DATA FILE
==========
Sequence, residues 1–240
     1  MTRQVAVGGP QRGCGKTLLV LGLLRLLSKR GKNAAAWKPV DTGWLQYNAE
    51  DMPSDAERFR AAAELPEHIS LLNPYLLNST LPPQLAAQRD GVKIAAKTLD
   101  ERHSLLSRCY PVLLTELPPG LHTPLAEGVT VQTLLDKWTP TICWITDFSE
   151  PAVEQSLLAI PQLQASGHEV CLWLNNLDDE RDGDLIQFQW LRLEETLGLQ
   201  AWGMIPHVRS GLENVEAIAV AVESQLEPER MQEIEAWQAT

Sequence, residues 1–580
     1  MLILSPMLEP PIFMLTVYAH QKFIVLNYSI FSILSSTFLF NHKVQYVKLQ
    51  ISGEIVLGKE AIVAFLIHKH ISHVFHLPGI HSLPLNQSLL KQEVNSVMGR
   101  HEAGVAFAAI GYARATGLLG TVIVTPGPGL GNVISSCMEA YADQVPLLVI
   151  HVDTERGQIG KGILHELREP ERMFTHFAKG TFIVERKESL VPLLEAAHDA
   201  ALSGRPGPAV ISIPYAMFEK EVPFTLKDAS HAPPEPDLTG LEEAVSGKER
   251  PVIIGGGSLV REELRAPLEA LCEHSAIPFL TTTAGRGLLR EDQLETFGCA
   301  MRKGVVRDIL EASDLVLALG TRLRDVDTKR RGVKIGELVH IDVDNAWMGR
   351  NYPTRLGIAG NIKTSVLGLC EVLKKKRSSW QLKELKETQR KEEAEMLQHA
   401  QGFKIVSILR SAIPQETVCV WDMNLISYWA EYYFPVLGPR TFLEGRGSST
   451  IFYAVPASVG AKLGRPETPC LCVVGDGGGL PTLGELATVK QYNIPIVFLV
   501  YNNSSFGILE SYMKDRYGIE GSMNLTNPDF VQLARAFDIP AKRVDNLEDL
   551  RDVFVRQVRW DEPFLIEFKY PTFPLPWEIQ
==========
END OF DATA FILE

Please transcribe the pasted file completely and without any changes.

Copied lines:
Sequence, residues 1–240
     1  MTRQVAVGGP QRGCGKTLLV LGLLRLLSKR GKNAAAWKPV DTGWLQYNAE
    51  DMPSDAERFR AAAELPEHIS LLNPYLLNST LPPQLAAQRD GVKIAAKTLD
   101  ERHSLLSRCY PVLLTELPPG LHTPLAEGVT VQTLLDKWTP TICWITDFSE
   151  PAVEQSLLAI PQLQASGHEV CLWLNNLDDE RDGDLIQFQW LRLEETLGLQ
   201  AWGMIPHVRS GLENVEAIAV AVESQLEPER MQEIEAWQAT

Sequence, residues 1–580
     1  MLILSPMLEP PIFMLTVYAH QKFIVLNYSI FSILSSTFLF NHKVQYVKLQ
    51  ISGEIVLGKE AIVAFLIHKH ISHVFHLPGI HSLPLNQSLL KQEVNSVMGR
   101  HEAGVAFAAI GYARATGLLG TVIVTPGPGL GNVISSCMEA YADQVPLLVI
   151  HVDTERGQIG KGILHELREP ERMFTHFAKG TFIVERKESL VPLLEAAHDA
   201  ALSGRPGPAV ISIPYAMFEK EVPFTLKDAS HAPPEPDLTG LEEAVSGKER
   251  PVIIGGGSLV REELRAPLEA LCEHSAIPFL TTTAGRGLLR EDQLETFGCA
   301  MRKGVVRDIL EASDLVLALG TRLRDVDTKR RGVKIGELVH IDVDNAWMGR
   351  NYPTRLGIAG NIKTSVLGLC EVLKKKRSSW QLKELKETQR KEEAEMLQHA
   401  QGFKIVSILR SAIPQETVCV WDMNLISYWA EYYFPVLGPR TFLEGRGSST
   451  IFYAVPASVG AKLGRPETPC LCVVGDGGGL PTLGELATVK QYNIPIVFLV
   501  YNNSSFGILE SYMKDRYGIE GSMNLTNPDF VQLARAFDIP AKRVDNLEDL
   551  RDVFVRQVRW DEPFLIEFKY PTFPLPWEIQ